5. Corner key : ESC
6. Speedily : ATARUN
7. ___ Peace Prize (award discontinued in 1990) : LENIN
8. Charges : WARDS
9. Girl's name that becomes a different girl's name if you switch the first two letters : AMY
10. Goalie Howard of U.S.A.'s 2010 and '14 World Cup teams : TIM
11. QB Johnny : UNITAS
12. Ping maker : SONAR
13. "To reiterate ..." : IREPEAT
14. Opposite of waste : CONSERVE
15. Michigan, in Chicago: Abbr. : AVE
16. Hide stuff : LEATHER
17. ___-Detoo ("Star Wars" droid) : ARTOO
18. World peace, e.g. : IDEAL
19. Atmospheric probe : SONDE
24. "But wait, there's more ..." : AND
29. Best suited : APTEST
31. Mailroom stamp : RECD
32. Like some chardonnays : OAKY
33. Relinquish : QUIT
34. Plotting : UPTO
35. Thousands, in slang : GEES
36. Avian mimic : MACAW
37. What stripes and polka dots do : CLASH
38. Luau locale : LANAI
42. Lakers, to Celtics, e.g. : RIVAL
43. It may be limited or late : EDITION
44. Subject of some '50s-'60s experiments : LSD
45. Excellence : MERIT
46. Tombstone figure : EARP
47. Brush material : SAGE
48. Two-time title role for Chris Hemsworth : THOR
50. Artist Frida renowned for her self-portraits : KAHLO
51. Took back, as lost territory : REWON
57. 24/7 : ANYTIME
58. Sunday recess? : APSE
60. Untouchable, e.g. : TMAN
61. Viennese one : EIN
62. Long-billed wading bird : SNIPE
63. 12 months, in Rio : ANO
64. Hike : RAISE
65. Chihuahua cry : ARF
67. Preach, e.g. : ORATE
68. Go off : ERUPT
69. Gun brand not endorsed by the 111-Down : NERF
70. Play ___ : AREA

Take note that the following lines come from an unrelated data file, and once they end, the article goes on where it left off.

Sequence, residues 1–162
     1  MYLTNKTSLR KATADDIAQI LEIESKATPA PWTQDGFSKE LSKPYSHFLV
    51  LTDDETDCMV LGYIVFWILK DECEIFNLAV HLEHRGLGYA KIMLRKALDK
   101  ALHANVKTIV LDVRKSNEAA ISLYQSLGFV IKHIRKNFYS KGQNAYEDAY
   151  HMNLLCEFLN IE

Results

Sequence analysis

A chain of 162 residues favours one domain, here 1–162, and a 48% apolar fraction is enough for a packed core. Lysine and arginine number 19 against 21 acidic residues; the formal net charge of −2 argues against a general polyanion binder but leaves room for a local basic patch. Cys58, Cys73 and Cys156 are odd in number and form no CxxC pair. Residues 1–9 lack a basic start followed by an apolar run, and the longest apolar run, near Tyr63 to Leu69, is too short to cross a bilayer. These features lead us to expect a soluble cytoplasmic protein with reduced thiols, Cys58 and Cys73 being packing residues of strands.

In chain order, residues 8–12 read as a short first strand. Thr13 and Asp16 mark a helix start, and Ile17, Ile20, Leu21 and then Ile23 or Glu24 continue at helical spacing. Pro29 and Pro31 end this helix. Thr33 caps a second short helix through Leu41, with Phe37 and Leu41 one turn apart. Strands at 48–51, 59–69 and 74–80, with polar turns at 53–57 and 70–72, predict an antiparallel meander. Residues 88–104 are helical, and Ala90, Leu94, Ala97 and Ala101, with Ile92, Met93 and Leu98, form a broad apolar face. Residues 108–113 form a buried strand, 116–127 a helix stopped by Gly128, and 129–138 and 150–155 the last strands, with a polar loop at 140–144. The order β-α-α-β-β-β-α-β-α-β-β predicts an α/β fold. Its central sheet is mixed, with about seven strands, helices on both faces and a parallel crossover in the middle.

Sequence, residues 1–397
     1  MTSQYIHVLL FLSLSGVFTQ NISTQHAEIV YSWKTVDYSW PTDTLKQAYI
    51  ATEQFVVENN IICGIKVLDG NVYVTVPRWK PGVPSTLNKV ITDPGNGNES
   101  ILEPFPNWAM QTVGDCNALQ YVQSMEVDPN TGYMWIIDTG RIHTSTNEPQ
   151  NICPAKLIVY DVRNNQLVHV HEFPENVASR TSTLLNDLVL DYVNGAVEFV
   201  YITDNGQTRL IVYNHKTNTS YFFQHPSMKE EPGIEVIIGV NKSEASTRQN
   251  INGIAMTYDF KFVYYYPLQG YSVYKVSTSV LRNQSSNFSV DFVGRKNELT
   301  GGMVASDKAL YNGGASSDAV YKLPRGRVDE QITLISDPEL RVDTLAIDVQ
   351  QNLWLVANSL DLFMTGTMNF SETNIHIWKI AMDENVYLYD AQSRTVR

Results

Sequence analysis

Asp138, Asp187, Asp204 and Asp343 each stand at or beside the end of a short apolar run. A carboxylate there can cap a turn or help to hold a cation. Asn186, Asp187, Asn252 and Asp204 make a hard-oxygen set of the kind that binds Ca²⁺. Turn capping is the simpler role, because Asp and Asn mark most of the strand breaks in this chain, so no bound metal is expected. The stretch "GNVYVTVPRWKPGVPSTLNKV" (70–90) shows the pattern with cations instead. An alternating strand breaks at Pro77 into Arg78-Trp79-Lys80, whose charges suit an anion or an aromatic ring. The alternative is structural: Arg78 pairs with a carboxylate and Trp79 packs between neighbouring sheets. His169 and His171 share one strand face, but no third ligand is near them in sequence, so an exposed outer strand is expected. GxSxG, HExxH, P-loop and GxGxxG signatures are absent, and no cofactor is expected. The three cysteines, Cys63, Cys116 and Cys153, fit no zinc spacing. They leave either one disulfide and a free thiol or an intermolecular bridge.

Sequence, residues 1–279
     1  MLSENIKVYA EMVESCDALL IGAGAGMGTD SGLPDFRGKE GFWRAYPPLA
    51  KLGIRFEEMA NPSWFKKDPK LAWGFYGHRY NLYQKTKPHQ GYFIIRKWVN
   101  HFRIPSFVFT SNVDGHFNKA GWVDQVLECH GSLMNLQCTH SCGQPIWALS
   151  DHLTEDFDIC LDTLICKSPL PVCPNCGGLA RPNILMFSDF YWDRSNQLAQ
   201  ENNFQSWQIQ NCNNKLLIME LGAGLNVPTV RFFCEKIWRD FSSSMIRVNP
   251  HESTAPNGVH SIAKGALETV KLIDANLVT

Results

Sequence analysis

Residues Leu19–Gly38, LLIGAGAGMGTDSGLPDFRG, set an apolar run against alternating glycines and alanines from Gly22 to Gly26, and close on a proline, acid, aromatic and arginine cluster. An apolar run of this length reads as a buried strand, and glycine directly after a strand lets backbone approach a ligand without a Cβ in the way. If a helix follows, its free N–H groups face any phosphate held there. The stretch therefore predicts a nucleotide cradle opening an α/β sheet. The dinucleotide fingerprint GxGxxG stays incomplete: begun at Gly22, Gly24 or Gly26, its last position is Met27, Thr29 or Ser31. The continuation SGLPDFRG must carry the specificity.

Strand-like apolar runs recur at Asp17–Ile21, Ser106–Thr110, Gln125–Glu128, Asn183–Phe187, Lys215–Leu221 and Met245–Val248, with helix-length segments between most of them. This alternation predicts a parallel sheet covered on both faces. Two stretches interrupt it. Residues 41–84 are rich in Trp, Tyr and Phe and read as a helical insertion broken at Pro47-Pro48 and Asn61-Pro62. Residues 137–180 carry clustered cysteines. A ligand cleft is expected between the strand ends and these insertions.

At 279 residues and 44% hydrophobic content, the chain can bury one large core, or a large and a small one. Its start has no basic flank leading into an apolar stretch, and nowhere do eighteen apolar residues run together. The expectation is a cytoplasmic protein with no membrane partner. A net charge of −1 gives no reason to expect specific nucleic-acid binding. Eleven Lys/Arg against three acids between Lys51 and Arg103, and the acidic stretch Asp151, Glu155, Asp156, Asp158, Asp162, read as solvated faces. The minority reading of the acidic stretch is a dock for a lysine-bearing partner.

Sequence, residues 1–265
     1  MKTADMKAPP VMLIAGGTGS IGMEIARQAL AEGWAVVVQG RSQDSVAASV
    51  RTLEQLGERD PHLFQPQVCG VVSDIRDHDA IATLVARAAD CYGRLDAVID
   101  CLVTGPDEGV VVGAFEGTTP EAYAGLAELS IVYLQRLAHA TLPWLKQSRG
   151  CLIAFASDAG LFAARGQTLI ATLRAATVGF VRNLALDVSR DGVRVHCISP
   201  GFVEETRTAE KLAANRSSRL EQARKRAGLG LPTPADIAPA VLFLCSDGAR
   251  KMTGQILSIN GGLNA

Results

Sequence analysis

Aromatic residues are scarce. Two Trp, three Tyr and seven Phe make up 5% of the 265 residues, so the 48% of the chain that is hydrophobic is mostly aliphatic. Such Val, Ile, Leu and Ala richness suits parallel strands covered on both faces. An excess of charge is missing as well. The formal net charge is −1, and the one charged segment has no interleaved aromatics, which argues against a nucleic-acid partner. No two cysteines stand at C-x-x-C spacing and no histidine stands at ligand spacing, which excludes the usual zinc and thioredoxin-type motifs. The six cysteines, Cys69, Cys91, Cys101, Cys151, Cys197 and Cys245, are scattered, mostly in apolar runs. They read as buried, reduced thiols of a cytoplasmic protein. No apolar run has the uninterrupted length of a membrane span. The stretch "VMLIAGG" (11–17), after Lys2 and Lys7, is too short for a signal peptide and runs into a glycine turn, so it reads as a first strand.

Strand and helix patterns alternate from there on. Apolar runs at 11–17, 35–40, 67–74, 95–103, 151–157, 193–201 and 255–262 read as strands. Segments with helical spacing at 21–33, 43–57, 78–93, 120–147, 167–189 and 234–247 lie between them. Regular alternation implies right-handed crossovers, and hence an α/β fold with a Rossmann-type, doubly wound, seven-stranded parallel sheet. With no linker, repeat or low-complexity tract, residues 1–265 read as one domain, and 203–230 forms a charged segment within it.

71. Photographic memory, e.g. : GIFT
74. Thicket : COPSE
75. Sweetie pie : TOOTS
76. Gets in the game : ANTES
78. Beethoven's "Hammerklavier," e.g. : SONATA
79. ___ curiam decision : PER
82. When repeated, party cry : CHUG
83. Weird Al Yankovic, e.g. : PARODIST
85. Third person masculine? : ABEL
86. Relative of turquoise : TEAL
87. "___ it!" : SOBE
88. International cricket match : TEST
90. Ones left holding the bag? : CADDIES
91. Gaps are filled with them : CLOTHES
95. Fixed, as Easter eggs : REDYED
96. Michael of "The Great Santini" : OKEEFE
97. Like some truths : HARSH
98. Andrea or Nicolò, in the music world : AMATI
99. Scruffs : NAPES
100. Ho preceder : HEAVE
101. Gentle alarms : BEEPS
102. Go on to say : ADD
103. Some launch sites : SILOS
107. Half of Mork's farewell : NANU
108. La Jolla campus, briefly : UCSD
109. ___-Ball : SKEE
111. See 69-Down : NRA
113. Vane dir. : NNE
114. It. is there : EUR
115. Army E-7: Abbr. : SFC
116. Contact info abbr. : TEL

Answer summary: 7 unique to this puzzle.